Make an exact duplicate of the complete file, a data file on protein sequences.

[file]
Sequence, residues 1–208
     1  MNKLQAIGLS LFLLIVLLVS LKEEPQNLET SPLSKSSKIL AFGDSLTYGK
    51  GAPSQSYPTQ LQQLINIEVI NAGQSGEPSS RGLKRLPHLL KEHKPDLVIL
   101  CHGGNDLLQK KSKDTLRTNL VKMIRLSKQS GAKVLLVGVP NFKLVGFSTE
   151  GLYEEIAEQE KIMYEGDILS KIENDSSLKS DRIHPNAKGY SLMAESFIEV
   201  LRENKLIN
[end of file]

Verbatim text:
Sequence, residues 1–208
     1  MNKLQAIGLS LFLLIVLLVS LKEEPQNLET SPLSKSSKIL AFGDSLTYGK
    51  GAPSQSYPTQ LQQLINIEVI NAGQSGEPSS RGLKRLPHLL KEHKPDLVIL
   101  CHGGNDLLQK KSKDTLRTNL VKMIRLSKQS GAKVLLVGVP NFKLVGFSTE
   151  GLYEEIAEQE KIMYEGDILS KIENDSSLKS DRIHPNAKGY SLMAESFIEV
   201  LRENKLIN